July 6 2021
HAMILTON, ON - The City of Hamilton shows leadership among Canadian municipalities by formalizing fair payment of musicians for City-led events. On June 23, 2021, City Council approved the Musicians Fair Payment Policy that supports and increases community awareness of the importance of paying musicians fairly for their music performances.
The policy was developed to formally and tangibly recognize the value of musicians’ work, specifically performances as they represent a significant source of a musicians’ income, by paying rates for music performances that align with music industry standards. The policy defines “City-led events” as those that are led and organized by City staff; events directed by Council or under the guidance of boards or committees; and/or when the City contracts a third party to oversee an event.
The policy will ensure that musicians hired for City-led events are paid, at minimum, the current minimum annual rates established by the Canadian Federation of Musicians who are represented locally by the Hamilton Musicians Guild Local 293.
Payment of fair wages for performance has been encouraged by the Hamilton Music Advisory Team (HMAT) through their guidance on the development of the Music Monday’s Series and was a recommendation in the 2020 Mayor’s Task Force for Economic Recovery Report.
- Hamilton is recognized as seventh in the world for independent musicians per capita.
- Music is identified as one of Hamilton’s leading industries for economic growth within the Creative Industries Sector with a workforce of 7,725 people; 540+ music business.
- Hamilton ranks number one (1) as a top destination for music related occupations in Canada per the Creative Industries Sector Profile.
- The median income of Creative Industries workers is $36K as referenced by 2016 Stats Canada data via Creative Industries Sector Profile.
- In 2018, the City of Hamilton was recognized as the first Canadian municipality to be awarded with a special SOCAN Licensed to Play designation. This designation supports fair compensation for recorded music from musicians and music creators.
- The policy aligns with existing City of Hamilton policies such as the Fair Wage Policy and Fair Wage Schedule on all construction contracts with the City as well as the Street Performance Policy and Guidelines allowing for “busking” on City property.
- The policy does not apply to events that receive City funding (i.e. City Enrichment Fund); community-led events held on City property; or events where a musician or music group create their own event or clearly donate this service.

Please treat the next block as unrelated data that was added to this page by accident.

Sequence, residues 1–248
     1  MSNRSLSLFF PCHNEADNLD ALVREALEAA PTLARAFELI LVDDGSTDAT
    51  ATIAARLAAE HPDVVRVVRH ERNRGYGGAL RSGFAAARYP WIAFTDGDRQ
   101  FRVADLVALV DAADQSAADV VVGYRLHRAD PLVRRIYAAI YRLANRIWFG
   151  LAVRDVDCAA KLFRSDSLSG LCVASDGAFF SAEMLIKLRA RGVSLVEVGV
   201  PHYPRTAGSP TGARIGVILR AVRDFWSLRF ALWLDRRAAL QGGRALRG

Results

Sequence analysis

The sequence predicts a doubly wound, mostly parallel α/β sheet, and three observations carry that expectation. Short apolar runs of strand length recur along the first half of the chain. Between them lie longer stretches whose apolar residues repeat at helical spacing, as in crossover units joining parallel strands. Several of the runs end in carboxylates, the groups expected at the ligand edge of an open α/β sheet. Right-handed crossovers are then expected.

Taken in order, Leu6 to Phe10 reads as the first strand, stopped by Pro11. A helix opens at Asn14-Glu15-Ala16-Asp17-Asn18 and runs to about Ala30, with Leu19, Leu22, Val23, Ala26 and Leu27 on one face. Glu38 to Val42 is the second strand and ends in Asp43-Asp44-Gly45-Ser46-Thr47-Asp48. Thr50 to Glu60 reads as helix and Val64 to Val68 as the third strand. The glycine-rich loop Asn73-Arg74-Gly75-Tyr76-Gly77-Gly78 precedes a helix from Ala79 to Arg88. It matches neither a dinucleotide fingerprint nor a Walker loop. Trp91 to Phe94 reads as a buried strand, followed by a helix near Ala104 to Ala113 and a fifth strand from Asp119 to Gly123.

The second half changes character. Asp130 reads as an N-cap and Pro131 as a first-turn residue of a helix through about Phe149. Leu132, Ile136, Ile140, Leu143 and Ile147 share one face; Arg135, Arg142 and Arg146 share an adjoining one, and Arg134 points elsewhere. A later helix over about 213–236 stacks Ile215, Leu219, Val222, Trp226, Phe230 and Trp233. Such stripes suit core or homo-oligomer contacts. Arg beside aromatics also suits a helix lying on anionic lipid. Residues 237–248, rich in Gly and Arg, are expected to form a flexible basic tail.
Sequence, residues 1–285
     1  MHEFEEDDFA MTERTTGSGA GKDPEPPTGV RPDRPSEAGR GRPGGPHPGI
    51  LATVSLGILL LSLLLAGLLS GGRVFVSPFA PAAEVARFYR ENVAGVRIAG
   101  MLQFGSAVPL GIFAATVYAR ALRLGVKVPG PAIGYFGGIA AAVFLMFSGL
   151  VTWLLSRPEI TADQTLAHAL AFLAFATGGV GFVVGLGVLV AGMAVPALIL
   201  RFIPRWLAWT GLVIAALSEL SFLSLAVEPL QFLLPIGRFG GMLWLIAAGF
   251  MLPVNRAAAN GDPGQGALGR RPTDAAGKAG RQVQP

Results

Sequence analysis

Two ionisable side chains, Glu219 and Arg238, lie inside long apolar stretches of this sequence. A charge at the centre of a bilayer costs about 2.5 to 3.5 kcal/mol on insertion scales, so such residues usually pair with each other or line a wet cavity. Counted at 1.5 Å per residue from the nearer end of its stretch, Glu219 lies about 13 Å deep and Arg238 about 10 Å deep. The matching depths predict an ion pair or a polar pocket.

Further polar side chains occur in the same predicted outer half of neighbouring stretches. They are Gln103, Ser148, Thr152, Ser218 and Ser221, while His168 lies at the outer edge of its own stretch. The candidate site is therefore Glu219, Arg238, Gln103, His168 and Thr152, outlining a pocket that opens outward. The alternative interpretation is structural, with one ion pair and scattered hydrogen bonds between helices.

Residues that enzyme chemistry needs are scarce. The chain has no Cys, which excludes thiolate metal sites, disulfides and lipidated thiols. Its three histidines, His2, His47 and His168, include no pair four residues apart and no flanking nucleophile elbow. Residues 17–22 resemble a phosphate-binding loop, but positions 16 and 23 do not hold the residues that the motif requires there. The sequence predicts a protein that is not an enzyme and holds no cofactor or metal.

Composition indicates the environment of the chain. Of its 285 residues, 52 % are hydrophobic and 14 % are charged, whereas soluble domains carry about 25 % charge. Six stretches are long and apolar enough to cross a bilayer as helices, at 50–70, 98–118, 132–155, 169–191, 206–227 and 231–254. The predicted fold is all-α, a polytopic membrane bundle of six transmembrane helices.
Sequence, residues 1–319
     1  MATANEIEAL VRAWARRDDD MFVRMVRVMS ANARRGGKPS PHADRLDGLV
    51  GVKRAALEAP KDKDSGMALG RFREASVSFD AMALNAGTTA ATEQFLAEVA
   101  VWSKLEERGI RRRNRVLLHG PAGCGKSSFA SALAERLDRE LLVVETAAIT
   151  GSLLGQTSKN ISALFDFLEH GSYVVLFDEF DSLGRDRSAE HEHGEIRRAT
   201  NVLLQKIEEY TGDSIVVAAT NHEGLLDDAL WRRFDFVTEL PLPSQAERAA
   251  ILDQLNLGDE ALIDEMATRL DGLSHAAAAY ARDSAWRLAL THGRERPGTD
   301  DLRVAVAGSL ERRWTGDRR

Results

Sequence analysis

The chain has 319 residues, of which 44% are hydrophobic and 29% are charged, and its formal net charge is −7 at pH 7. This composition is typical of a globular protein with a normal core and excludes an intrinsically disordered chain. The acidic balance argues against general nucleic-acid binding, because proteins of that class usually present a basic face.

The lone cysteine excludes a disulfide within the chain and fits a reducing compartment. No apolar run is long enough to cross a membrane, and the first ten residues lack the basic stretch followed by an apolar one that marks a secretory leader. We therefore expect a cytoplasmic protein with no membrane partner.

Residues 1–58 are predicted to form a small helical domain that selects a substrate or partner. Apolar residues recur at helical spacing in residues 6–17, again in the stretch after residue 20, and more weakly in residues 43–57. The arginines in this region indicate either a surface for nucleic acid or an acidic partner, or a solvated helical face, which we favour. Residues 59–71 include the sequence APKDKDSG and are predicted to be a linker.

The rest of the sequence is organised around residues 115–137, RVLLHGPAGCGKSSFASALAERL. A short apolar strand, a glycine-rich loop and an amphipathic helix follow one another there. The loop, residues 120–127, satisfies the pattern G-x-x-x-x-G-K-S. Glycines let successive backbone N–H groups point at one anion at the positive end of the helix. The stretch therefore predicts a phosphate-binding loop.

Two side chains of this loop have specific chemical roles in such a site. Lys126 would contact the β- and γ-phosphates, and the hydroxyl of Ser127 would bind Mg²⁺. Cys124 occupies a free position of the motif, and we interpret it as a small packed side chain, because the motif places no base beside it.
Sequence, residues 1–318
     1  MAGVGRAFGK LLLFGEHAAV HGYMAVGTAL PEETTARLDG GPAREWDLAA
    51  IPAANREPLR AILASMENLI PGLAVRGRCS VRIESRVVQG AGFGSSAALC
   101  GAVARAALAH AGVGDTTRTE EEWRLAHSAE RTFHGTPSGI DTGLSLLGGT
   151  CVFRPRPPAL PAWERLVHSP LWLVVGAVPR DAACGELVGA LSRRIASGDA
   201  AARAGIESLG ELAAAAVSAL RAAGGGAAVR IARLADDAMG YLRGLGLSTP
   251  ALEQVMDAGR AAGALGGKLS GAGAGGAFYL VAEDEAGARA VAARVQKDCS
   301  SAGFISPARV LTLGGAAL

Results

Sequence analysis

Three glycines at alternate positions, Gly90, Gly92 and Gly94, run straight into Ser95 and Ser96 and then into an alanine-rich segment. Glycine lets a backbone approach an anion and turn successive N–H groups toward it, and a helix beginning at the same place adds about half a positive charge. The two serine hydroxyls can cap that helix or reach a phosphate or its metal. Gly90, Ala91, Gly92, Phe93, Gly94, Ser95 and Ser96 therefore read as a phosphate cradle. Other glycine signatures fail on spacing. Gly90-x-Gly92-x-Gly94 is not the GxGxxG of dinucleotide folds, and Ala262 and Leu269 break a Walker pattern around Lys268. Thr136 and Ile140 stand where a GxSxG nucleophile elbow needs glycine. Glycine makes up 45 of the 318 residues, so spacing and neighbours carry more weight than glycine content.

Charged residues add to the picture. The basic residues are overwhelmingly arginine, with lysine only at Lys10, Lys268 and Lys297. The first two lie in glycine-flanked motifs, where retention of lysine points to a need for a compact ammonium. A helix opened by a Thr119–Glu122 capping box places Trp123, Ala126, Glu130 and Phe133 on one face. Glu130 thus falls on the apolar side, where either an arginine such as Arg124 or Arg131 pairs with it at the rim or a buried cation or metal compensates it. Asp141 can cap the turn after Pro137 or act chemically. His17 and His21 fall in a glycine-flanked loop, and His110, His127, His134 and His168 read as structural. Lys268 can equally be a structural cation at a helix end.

“Hamilton has a magnetic music industry with many musicians calling Hamilton home. Musicians are core to this industry and for them and the industry to be viable we must set the example and lead with payment that fairly reflects the professional work and service musicians provide. I’m proud and encouraged by the steps that Hamilton continues to take in recognizing the importance of the music industry’s workers and businesses. Here, we can illustrate the role that a City can play in developing City policy that supports musicians.”
Mayor Fred Eisenberger
“A municipality has the ability to support its music industry in a number of ways – one of which is how we engage artists for City-led events. Many City-led events like Music Mondays have already been paying musicians according to industry fair wage rates. Formalizing this practise in policy helps us set a clear and formal standard across all City-led events. The fair payment for musicians’ policy also gives us an opportunity to raise awareness with our colleagues and the broader community about the importance of fairly compensating artists for their work.”
Jason Thorne, General Manager, Planning and Economic Development Department
“The Hamilton Music Advisory Team and the music and arts community have long been a supporter and implementor of paying musicians fairly for all aspects of their work. If you’ve worked in the industry you’ve either experienced yourself or heard about the unfortunate situation where musicians are asked to perform for free or being pitched that their payment is simply the exposure, they get from having an audience. Certainly, this topic is important to HMAT; and it was great to see it included in the Mayors Task Force for Economic Recovery and now coming forward as a formal City policy. Having fair payment for musicians formalized at the City level goes a long way in demonstrating and modeling the actions that show that the City understands and supports musicians; and helps show the positive outcomes of government and industry working together,”
Tricia LeClair, Chair of the Hamilton Music Advisory Team (HMAT)